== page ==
There’s an old joke that I learned on a trading desk when I first started in finance: What’s the difference between buy side and sell side? On the buy side you can say “you’re a jerk,” before hanging up the phone.
It’s funny because it’s true. After four years on the buy side, I learned that it’s really okay to say it; during my two years on the sell side, I experienced people saying it to me, no matter how much it may have hurt my feelings.
Needless to say, in finance, sometimes tensions run high.
Fast forward to the present, I am now at the Structured Finance Association (SFA), an organization that represents both the buy and sell sides as well as everything in between. This includes the entire world of people who help make financial transactions happen, not just financial services firms, but data providers, rating agencies, analytical firms, law firms, technology companies, and more. Through it all, the voice of the investor is critical in everything that SFA does and stands for.
Sometimes this creates internal tension. But, sometimes the right amount of tension can make you stronger. The reason this healthy tension exists with SFA is because our founding doctrine purposefully only allows us to take an advocacy position with total consensus. This is unique, especially for Washington, D.C.: We’re the only institution with a charter that mandates agreement from the entire industry before advocating a viewpoint. There may be an “outlier” view from time to time, but we must strive to build agreement before taking a stance.
I have found this is a strength for several reasons. The most obvious of these is that, when we take a stance, SFA can assure our audience that the entire industry – including the investor – is behind it rather than different sides within the industry pushing separate views. More subtly, this may be a strength because it means we take strong views on fewer issues.
Our investor members represent a wide range of institutions, including insurance companies, large diversified global asset managers, smaller niche asset managers, real estate investment trusts, and retirement plan investment managers. What they share is their fiduciary responsibility to their customers, running the gamut of retirees, 401(k) investors, pension funds, among others. The investor members of SFA can only buy a bond for a client if they know it adheres to the client’s investment parameters. When they advocate on a policy issue impacting the market, they represent the interest of these investors as well.
A good example of the type of work we do would be the Qualified Mortgage, which is especially relevant with the looming expiration of the so-called “QM patch.” The tension here exists between originators of mortgage loans and their investors. Originators have a vested financial interest in the performance of the loan, but they also need to find loan characteristics that are secure enough to meet investors’ fiduciary standards before establishing lending guidelines. From a purely self-interested financial perspective, an issuer might want less liability whereas an investor would want as much right to “put back” a loan – to have the originator obligated to make good on a badly underwritten loan – as is possible to achieve.
This illustrates an issue we must always bear in mind: Different parties have different financial incentives. With this issue, as with all issues, the challenge is finding the optimization that allows loans and securities to be made, credit to be extended, rates to stay affordably low, and investors to know they have protected their clients’ interest. It’s a closed system that relies on enough consensus to work and produce a steady volume of good lending. In the case of QMs, we’re working to build an automated underwriting system that has buy-in from issuers, investors, and everyone in between. If we do that, we’ll know we have a market with transparency and clear rules.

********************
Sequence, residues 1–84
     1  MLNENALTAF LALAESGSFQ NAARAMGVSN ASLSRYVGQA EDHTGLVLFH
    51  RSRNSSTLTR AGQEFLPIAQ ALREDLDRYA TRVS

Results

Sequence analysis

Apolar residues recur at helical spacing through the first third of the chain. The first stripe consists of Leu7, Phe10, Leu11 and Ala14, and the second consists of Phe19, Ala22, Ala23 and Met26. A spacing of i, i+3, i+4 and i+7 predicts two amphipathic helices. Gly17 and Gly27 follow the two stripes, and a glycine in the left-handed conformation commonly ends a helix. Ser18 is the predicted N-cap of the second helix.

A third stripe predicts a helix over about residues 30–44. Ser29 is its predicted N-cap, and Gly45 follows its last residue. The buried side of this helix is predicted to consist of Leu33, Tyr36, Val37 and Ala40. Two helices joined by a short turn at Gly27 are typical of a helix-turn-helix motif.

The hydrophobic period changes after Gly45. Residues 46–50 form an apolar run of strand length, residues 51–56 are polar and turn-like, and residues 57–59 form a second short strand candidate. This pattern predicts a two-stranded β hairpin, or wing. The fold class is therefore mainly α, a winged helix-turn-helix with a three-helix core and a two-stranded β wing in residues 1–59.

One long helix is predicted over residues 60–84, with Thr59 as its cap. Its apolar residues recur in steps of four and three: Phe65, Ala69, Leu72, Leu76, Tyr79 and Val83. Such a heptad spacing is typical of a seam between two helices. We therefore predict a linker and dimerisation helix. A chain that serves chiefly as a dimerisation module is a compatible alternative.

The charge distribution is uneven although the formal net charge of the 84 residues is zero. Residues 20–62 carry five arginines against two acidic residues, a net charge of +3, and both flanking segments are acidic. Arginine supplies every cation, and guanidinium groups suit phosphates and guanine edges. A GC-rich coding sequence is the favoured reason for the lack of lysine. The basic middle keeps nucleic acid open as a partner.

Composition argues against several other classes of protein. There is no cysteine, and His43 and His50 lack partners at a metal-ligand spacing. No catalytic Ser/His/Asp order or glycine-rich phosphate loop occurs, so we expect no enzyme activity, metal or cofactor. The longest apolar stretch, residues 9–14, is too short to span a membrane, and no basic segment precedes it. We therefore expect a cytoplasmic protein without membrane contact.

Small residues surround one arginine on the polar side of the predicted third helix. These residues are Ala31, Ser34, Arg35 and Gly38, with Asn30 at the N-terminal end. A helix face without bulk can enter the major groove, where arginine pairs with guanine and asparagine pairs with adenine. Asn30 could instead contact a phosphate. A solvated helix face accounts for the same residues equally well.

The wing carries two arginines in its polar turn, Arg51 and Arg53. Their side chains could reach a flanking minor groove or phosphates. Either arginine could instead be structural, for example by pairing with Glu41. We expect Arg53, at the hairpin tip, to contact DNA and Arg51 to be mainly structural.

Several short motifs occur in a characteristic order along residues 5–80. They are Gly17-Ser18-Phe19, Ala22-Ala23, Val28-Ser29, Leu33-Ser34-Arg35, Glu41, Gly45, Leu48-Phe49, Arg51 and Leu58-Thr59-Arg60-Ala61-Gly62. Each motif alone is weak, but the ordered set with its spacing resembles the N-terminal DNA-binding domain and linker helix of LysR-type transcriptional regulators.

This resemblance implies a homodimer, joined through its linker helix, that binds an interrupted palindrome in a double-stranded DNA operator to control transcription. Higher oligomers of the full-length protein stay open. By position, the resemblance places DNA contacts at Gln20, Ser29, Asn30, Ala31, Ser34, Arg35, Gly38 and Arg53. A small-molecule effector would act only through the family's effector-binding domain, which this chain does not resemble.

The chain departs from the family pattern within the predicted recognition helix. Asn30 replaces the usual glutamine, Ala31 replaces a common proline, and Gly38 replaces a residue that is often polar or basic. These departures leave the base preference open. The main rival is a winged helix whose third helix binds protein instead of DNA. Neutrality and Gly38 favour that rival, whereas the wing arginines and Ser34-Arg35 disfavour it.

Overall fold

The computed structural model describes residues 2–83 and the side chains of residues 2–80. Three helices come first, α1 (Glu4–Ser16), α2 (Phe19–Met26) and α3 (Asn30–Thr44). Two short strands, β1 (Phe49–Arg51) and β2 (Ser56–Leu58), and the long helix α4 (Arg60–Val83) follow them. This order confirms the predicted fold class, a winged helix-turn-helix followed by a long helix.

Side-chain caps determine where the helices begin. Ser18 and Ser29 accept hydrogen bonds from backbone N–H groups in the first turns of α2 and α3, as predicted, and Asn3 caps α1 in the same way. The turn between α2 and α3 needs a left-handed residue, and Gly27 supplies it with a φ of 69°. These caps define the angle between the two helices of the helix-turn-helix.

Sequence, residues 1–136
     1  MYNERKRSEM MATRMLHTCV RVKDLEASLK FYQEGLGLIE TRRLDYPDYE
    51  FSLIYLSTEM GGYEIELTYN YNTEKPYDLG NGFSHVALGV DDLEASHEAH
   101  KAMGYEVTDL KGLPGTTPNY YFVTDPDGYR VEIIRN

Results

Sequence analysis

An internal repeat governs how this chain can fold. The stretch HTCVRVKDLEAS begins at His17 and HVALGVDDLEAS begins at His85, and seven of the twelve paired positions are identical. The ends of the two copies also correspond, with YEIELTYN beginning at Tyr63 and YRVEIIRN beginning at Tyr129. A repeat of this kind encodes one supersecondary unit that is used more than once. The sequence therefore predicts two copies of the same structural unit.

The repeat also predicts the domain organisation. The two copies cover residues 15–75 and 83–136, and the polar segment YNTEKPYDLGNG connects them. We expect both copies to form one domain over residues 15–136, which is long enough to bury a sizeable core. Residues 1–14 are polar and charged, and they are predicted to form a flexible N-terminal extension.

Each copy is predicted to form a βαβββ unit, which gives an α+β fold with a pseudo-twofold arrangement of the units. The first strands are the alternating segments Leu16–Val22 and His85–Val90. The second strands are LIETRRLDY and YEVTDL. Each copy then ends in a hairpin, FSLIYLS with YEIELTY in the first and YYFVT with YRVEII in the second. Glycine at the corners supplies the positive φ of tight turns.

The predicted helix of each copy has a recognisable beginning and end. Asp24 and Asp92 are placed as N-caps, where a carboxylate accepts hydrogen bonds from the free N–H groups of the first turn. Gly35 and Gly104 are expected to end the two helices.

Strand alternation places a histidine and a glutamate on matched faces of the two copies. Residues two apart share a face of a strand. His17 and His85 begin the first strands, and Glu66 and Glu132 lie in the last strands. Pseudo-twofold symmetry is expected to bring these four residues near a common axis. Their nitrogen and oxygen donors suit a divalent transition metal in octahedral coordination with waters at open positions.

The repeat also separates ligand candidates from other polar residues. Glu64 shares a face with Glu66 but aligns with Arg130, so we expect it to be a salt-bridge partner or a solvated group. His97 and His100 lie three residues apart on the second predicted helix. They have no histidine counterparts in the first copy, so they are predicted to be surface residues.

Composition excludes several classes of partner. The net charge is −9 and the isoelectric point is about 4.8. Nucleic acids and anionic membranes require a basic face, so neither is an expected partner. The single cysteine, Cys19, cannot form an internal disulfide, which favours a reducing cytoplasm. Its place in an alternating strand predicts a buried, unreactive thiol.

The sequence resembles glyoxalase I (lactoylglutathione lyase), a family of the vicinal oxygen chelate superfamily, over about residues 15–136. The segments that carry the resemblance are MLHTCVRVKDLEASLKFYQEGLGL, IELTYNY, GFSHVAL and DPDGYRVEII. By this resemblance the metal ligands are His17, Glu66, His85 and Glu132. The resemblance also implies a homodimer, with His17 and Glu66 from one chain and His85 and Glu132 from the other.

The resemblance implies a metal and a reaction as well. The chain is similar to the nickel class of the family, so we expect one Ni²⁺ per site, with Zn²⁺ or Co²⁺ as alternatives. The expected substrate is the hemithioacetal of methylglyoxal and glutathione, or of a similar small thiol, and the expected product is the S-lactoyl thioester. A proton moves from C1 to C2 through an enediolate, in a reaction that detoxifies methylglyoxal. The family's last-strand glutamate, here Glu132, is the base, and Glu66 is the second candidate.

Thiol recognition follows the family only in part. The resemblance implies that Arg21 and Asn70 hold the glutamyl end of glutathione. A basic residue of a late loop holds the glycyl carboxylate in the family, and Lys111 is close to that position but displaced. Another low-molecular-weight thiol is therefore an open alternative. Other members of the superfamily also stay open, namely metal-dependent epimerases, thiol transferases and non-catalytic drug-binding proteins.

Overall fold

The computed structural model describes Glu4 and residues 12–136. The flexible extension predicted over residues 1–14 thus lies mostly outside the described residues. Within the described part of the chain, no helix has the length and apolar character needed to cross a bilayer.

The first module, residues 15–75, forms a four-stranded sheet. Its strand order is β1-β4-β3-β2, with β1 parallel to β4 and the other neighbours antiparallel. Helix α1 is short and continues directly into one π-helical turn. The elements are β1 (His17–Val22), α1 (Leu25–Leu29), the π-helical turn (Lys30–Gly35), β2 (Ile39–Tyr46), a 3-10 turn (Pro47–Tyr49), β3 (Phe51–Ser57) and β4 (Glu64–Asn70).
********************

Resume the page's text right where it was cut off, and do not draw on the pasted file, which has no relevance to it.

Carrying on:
But it’s not just QM. With the world’s transition away from the London Interbank Offered Rate, or LIBOR, our work to help ensure a smooth transition from LIBOR to the replacement rate was also the culmination of recognizing the different stakeholders and finding a result that worked for them. We work on behalf of an industry committed to fixing problems that are fast upon us and doing so in a manner that considers the broader network of players. At the end of the day, the tension that exists between the security issuer and the investor allows us to focus our efforts on finding a way to keep the person in the middle – that is, the consumer and businesses – protected from needless confusion.
In these and all other endeavors, SFA’s role is to help facilitate solutions. We bring together not just these two parties, but everyone involved in the analytical and legal work of structuring the transaction. We help coalesce the entire lending, analytic, rating and investing communities to achieve standardization for the industry. When we do this, the industry can facilitate the creation of loans to all ranges of borrowers while also ensuring the creation of safe and sound investments for firms managing other people’s assets. In this way, we are looking for an outcome beneficial to all sides in a transaction, to the consumers they’re serving, and to the economy as a whole.
So, whether it’s striking the balance between originators and investors when it comes to QMs, the search for a suitable replacement to LIBOR, or any of our other initiatives, SFA relishes the chance to have two sides of the transaction sit together and work out a policy agreement for shared betterment.
And, of course, we try to do it without being jerks.